Freeloaders took a beating in the Supreme Court Thursday.
Turns out there is no constitutional right to choose to go without health insurance and expect someone else to pay for your care if you get sick or injured.
The court's 5-4 ruling upholding the Patient Protection and Affordable Care Act's individual mandate triggered impassioned calls for the law's repeal from Republicans, including presidential hopeful Mitt Romney.
The decision sent Kentucky's freshman senator, Republican Rand Paul, into such a tizzy that he issued a statement saying: "Just because a couple people on the Supreme Court declare something to be 'constitutional' does not make it so."
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Kentucky's senior senator, Minority Leader Mitch McConnell, trashed the law, bragged that he had made 110 floor speeches against it and called for "common-sense, step-by-step reforms that protect Americans' access to the care they need, from the doctor they choose, at a lower cost."
And that, friends, is about as specific or detailed as McConnell gets, which tells us there's little chance Republicans will repeal the gist of the Affordable Care Act because they have nothing with which to replace it.
What's come to be called "Obamacare" is a market-based plan that is anything but radical. It was developed by Republicans and enacted in Massachusetts when Romney was governor. The American Medical Association and the insurance industry support it.
The law represents incremental progress and has the potential to bend the health care cost curve downward.
Except for the propaganda value of misrepresenting the law to stir up their base, Republicans should have no beef with the reforms, especially if they think they might actually have to govern soon.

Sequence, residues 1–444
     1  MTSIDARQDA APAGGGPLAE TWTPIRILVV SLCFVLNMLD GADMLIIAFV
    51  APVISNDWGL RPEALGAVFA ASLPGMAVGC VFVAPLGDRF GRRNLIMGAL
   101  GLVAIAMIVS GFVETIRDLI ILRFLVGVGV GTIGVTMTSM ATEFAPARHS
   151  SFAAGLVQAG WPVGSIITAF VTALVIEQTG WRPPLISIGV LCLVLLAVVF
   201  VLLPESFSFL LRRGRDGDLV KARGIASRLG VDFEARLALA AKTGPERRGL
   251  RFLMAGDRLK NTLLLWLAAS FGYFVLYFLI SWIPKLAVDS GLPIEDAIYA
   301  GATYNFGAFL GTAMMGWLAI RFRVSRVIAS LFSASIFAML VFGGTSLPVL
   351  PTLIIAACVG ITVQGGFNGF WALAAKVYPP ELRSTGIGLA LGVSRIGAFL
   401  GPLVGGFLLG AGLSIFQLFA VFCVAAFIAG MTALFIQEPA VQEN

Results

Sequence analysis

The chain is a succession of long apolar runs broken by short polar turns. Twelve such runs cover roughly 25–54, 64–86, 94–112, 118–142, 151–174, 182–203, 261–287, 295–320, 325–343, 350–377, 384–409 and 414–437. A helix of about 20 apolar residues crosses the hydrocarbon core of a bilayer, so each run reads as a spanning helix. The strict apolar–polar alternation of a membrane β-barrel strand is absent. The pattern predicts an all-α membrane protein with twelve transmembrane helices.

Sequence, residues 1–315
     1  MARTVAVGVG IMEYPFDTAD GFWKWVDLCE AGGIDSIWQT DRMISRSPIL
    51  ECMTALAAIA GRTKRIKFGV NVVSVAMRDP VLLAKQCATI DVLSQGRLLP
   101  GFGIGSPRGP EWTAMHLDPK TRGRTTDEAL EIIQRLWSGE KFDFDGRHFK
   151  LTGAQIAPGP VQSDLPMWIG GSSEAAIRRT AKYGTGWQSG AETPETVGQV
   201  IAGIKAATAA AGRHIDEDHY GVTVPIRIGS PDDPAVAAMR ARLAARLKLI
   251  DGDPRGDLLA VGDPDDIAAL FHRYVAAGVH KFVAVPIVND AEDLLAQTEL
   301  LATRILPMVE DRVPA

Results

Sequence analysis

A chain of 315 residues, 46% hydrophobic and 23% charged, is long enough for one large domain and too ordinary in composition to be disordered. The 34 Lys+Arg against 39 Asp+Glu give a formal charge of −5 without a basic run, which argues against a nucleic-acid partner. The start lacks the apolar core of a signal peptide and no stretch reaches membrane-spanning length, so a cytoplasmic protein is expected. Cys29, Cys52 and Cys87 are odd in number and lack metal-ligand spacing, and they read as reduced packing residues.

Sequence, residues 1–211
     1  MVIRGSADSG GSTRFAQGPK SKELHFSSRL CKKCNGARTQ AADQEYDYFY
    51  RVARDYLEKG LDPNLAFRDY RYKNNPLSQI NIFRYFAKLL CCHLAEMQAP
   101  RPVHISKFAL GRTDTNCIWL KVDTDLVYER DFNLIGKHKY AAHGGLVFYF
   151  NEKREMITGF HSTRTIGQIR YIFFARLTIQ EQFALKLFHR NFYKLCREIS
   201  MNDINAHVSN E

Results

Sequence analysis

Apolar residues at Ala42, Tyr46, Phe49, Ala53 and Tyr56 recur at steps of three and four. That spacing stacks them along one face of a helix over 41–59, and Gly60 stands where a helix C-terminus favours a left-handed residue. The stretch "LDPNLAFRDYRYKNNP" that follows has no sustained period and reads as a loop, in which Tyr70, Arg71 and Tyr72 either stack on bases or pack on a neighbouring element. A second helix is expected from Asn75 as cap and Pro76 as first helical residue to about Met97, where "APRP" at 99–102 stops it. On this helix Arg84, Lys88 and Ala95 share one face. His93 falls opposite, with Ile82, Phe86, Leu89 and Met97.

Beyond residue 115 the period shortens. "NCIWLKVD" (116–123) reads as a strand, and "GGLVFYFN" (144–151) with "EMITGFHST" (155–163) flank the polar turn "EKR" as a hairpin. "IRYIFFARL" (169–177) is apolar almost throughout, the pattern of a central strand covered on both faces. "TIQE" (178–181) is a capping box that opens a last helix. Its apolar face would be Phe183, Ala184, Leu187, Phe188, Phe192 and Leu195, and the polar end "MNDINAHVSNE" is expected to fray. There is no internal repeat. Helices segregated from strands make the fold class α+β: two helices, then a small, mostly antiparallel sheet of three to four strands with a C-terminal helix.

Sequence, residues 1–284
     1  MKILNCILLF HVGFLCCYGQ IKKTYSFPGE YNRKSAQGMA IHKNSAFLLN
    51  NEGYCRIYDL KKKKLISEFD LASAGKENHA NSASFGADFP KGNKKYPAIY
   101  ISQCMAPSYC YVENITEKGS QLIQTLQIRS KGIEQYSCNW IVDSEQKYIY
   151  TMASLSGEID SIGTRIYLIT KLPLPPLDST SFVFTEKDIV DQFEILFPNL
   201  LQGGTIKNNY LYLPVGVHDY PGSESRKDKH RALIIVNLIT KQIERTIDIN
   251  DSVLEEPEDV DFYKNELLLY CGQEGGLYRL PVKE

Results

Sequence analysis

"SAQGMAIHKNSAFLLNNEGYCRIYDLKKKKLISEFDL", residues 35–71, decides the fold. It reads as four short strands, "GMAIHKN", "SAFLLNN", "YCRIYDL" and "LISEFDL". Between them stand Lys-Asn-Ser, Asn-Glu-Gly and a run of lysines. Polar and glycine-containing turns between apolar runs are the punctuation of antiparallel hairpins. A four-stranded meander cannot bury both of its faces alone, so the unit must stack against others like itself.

Individual elements of the plan are popular and should be. Consumers who have to buy coverage on the individual market will know they're buying a policy that will actually take care of them when they need it. Insurance companies will no longer be able to refuse coverage or drive up premiums for people who have pre-existing medical conditions.
Insurers selling individual coverage will have to spend 80 percent of the premiums they collect on health care for their customers. As a result of that provision, 134,000 Kentucky families will share $15.3 million in rebates from insurance companies this year.
For those who still can't afford coverage, even after the insurance reforms take effect, there will be subsidies and an expansion of Medicaid, which means almost every American will have access to preventive care.
Other provisions aim at improving health and quality of care while reeling in costs and reducing waste, fraud and abuse in Medicare.
Obama's detractors are gleeful that the mandate to have insurance was upheld under Congress's power to tax, not the Constitution's Commerce Clause. They wasted no time in decrying this new tax on the American people.
Call it what you want, but it's not new. We already pay it every day.
After horrible stories of women in labor being turned away by hospitals, Congress in the 1980s required emergency rooms to treat everyone with no regard for ability to pay. Emergency room charity isn't cheap. Caring for the uninsured costs the insured $1,000 a year each. Health care costs are the biggest drag on the economy and can't be contained or controlled without universal coverage.
The Supreme Court case was brought by Republican attorneys general whose motives were political. It's hard to believe so much time and energy have been spent to achieve this small bit of progress on one of our country's biggest problems.
But with the partisan paralysis of Washington, any bit of progress is worth cheering.